Process control for thermal-spray deposition of thermoset coatings using computer simulation
- Publisher: Elsevier
computer | chemical | mechanical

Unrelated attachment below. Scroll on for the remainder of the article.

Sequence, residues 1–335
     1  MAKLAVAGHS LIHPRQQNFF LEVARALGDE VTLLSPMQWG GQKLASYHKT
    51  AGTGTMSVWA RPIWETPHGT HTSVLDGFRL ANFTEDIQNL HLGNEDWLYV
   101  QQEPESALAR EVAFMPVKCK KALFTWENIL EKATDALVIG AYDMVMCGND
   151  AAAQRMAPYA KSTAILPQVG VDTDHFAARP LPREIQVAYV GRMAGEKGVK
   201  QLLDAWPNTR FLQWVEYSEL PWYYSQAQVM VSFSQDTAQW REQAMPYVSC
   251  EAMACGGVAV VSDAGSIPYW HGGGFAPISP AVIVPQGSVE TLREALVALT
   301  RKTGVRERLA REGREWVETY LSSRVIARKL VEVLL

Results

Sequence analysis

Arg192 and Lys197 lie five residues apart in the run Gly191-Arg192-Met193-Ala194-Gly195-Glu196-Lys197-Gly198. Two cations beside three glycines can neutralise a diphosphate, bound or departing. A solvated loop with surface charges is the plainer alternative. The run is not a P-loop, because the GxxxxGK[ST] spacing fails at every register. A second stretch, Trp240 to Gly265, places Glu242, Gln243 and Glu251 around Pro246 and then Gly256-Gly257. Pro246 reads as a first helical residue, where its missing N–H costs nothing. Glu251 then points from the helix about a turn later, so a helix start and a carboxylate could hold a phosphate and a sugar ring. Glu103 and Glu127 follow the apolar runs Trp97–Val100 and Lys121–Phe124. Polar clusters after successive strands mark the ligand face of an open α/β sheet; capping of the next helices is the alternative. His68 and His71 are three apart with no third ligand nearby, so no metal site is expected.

Thermal spraying is a green solvent-free process with the potential of applying polymer coatings to large components in-house or on-site without the need for prolonged drying. Almost no systematic research has been undertaken on thermally spraying thermoset coatings owing to the complexity and difficulty of managing the curing process. An adequately cured thermoset coating could not be deposited by thermal spraying owing to insufficient cumulative time above the cure temperature. Preheating and post-heating the substrate under a constant heat source were not successful as they led to non-uniform curing, residual stress and the risk of overheating. This study develops and validates a computer model that simulates the deposition of thermoset coatings on metal substrates using thermal spraying and high-energy infrared irradiation. The model uses readily-available commercial software and enables precise control of the coating process to improve energy efficiency and coating quality. Further research showed that evenly cured coatings could be achieved by using variable heat fluxes and controlled utilization of inward conduction from the outer surface layers. Self curing during cooling was significant and maybe employed to increase energy efficiency. The thickness of the metal substrate was shown to be an important variable as it acts as a heat sink and, for heavy sections, can substantially increase energy consumption. The results indicate a need for sufficiently accurate process control and provide a suitable methodology for the deposition of thermoset coatings.